South Africans less economically free and less happy

South Africans are significantly less free economically, and far less happy, than before Picture: Gallo Images / Alet Pretorius
South Africans are significantly less free economically, and far less happy, than before Picture: Gallo Images / Alet Pretorius

To get SA out of its economic downturn, new report urges labour market reforms and stronger growth policies

South Africans are significantly less free economically, and far less happy, than before.

This is part of the findings of the latest Economic Freedom of the World (EFW) index, which measures the capacity of citizens to make their own economic choices without government interference.

South Africa now ranks 101 out of 162 countries, having dropped two places from its previous position two years ago, said Neil Emerick, an associate of the Free Market Foundation (FMF).

He was speaking at the release of the latest index.

The report, which relates to conditions in 2017, gave South Africa a score of 6.61 out of 10 – better than the previous year’s 6.58.

But Emerick said it was concerning that South Africa had fallen 54 places since 2000.

In that year, South Africa was ranked 47th and was among the top 30% of countries on the list.

Far from building on its post-apartheid achievement, South Africa and its citizens now have less economic freedom than they gained in the six years following 1994 and democracy.

“With such an upward trend, South Africa was on track to become one of the world’s most prosperous countries. But instead, in 2019, South Africans have less economic freedom than do residents in 60% of the democratic world,” he said.

“Far from building on its post-apartheid achievement, South Africa and its citizens now have less economic freedom than they gained in the six years following 1994 and democracy.”

Hong Kong and Singapore lead the list with scores of 8.91 and 8.71, respectively. Venezuela is last on the list.

However, according to Fred McMahon, head of research on economic freedom at Canadian think-tank the Fraser Institute, which compiles the index, Hong Kong’s economic freedom is being threatened by China’s aggressive attitude to pro-democracy protesters.

The index is compiled in cooperation with the Economic Freedom Network, a group of independent research and educational institutions in about 100 countries. The FMF is part of this network.

McMahon was recently in South Africa, where he facilitated a workshop for the FMF on improving economic freedom.

Forty-two data points are used to compile the index, which measures the degree of economic freedom in five broad areas, with various subdivisions.

These five areas – with South Africa’s score given in brackets – are as follows:
  • Government size (113th; 5.77 points)

This division measures government expenditure, top salaries and state ownership of assets. As state-owned enterprises become larger, government decisions crowd out individual decisions and suppress economic freedom.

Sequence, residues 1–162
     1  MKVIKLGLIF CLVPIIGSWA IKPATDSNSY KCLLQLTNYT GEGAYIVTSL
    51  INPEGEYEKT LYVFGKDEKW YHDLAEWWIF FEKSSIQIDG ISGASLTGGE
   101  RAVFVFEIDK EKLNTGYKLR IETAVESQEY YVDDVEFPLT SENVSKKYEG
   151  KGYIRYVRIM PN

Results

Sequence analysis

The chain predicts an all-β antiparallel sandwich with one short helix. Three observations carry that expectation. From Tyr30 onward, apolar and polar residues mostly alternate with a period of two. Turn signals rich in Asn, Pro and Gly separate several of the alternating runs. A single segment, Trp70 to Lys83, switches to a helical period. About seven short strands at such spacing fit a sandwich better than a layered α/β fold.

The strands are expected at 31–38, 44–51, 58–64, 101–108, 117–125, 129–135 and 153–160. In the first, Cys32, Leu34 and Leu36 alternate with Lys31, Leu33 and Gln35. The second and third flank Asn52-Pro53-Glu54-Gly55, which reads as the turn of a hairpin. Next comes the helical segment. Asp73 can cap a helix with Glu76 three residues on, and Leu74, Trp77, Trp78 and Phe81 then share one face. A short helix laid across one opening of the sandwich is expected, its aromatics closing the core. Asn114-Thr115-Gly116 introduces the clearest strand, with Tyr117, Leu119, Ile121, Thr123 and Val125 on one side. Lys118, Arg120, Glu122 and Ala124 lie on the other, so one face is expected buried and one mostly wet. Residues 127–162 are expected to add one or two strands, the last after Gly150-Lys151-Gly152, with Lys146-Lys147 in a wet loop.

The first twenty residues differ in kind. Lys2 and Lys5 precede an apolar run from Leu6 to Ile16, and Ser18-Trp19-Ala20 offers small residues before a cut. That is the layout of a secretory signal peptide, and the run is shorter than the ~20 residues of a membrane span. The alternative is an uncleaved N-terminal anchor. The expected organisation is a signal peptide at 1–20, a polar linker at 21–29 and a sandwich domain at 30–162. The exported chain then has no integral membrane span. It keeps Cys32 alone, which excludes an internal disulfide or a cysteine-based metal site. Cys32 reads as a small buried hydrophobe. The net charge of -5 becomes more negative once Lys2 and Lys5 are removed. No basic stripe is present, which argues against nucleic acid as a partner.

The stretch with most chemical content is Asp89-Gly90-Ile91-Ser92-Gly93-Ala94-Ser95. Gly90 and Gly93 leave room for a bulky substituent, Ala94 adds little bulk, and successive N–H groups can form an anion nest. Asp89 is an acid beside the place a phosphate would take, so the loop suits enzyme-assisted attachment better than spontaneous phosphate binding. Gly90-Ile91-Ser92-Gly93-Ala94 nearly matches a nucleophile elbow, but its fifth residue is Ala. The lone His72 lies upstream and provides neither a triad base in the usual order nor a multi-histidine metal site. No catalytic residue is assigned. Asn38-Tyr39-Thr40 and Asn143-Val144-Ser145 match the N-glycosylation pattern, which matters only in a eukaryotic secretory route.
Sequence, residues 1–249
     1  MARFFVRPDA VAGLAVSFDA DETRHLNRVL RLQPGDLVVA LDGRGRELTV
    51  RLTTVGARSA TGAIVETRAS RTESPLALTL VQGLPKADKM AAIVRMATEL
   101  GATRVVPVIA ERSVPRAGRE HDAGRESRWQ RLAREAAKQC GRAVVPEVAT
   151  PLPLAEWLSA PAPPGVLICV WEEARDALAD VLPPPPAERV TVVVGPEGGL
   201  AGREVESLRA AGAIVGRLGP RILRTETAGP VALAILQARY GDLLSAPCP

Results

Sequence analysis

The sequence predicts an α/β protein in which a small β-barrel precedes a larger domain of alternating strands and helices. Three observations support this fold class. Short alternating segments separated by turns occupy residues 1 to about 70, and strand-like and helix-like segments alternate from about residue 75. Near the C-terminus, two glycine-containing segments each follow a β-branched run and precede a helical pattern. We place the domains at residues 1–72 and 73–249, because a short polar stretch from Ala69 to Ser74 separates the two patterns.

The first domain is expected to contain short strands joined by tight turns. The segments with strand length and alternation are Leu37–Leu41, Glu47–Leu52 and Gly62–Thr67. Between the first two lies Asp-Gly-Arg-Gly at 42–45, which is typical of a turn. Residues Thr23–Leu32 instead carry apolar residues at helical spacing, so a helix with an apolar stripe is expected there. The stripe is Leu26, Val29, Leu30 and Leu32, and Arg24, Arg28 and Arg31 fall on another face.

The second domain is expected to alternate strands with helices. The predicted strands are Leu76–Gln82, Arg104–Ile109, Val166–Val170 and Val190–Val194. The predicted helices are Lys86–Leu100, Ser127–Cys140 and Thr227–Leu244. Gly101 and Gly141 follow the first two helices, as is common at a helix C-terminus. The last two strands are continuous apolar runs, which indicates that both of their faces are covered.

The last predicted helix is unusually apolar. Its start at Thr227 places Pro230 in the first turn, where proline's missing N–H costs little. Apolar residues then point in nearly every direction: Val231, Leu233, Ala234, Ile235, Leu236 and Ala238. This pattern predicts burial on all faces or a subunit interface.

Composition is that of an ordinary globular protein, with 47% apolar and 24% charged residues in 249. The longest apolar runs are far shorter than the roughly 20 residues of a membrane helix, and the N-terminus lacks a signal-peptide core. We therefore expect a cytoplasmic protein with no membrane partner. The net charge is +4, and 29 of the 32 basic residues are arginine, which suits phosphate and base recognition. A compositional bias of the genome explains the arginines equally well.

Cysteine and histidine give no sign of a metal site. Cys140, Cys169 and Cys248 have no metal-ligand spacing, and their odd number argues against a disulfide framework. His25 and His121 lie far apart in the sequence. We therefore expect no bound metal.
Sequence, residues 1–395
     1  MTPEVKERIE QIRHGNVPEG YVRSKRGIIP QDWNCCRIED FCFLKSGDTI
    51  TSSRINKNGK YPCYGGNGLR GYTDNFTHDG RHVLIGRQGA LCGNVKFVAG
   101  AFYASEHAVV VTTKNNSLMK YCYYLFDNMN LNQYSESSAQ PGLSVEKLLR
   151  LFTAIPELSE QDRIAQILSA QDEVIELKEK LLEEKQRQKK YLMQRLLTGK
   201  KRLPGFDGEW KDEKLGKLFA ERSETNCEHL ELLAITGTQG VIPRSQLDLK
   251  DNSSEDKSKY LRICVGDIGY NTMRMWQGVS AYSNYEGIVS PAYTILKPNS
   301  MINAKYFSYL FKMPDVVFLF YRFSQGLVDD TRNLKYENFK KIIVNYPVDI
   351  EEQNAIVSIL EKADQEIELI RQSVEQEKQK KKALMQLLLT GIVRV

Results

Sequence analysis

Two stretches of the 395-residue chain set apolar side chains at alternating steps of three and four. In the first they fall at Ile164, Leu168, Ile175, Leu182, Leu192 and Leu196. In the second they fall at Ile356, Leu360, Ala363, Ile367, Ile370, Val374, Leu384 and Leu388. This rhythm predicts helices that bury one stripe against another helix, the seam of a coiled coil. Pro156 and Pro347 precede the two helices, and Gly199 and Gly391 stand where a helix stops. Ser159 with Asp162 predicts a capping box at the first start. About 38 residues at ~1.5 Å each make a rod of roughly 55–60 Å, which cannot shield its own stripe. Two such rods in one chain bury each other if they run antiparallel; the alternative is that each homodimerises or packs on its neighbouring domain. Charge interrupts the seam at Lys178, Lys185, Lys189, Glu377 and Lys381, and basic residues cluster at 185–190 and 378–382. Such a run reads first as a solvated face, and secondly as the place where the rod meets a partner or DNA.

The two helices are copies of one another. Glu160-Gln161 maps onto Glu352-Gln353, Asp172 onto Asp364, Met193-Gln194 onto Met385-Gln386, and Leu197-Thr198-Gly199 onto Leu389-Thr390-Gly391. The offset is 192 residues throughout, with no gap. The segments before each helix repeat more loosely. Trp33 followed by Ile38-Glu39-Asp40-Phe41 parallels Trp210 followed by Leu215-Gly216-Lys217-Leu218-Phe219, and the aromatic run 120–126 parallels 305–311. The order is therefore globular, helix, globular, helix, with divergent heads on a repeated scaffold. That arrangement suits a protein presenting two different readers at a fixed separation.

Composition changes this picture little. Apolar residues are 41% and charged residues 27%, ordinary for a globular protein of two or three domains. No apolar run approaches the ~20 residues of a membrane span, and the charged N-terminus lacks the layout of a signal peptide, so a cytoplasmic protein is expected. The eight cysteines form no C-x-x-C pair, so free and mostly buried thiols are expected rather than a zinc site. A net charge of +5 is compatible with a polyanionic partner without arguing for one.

• Legal system and property rights (84th; 5.05 points)

This division takes into account the independence of the judiciary, the protection of property rights and the legal enforceability of contracts.

  • Fiscal health (99th; 8.17 points)

Inflation plays a large role here, as well as the freedom to have foreign-currency bank accounts.

  • Freedom to trade internationally (96th; 6.87 points)

This includes the freedom to trade in the broadest sense of the word, including buying, selling, concluding contracts, compliance costs of importing and exporting, limitations on foreign ownership and investment, and capital controls.

  • The regulation of credit, labour and business (74th; 7.20 points)

Emerick said South Africa’s decline in economic freedom had predictable consequences, such as high unemployment and the country currently witnessing a dramatic human and capital flight as individuals seek to invest and live in countries with greater levels of economic freedom.

If policymakers want to reverse these trends, they will have to implement policies that advocate greater economic freedom – for instance, policies relaxing labour laws – as well as tighter policies about property rights.

According to the Fraser Institute’s report, unemployment is not the result of structural problems, but of increasing government interference in the economy and the lives of citizens.

McMahon said that countries with little economic freedom generally had lower average income levels, greater inequality and poverty. And their citizens had a lower life expectancy, with fewer political rights and freedoms.

For example, the index shows that countries in the top quartile of economic freedom have an average per capita GDP of $36 770 (R534 000), compared with $6 140 (R89 134) in the lowest quartile.

In the top quartile, 1.8% of citizens experience extreme poverty ($1.90 a day), compared with 27.2% in the lowest quartile.

And, the Fraser Institute points out, life expectancy in the top quartile is 79.5 years, compared with 64.4 years in the lowest quartile.

“Where people are free to pursue their own economic opportunities and to make their own choices, they are more prosperous, happier and healthier,” said McMahon.

“The report’s happiness index indicates that the more economically free you are, the happier you are – showing that monetary and economic values can still be good,” said Emerick.

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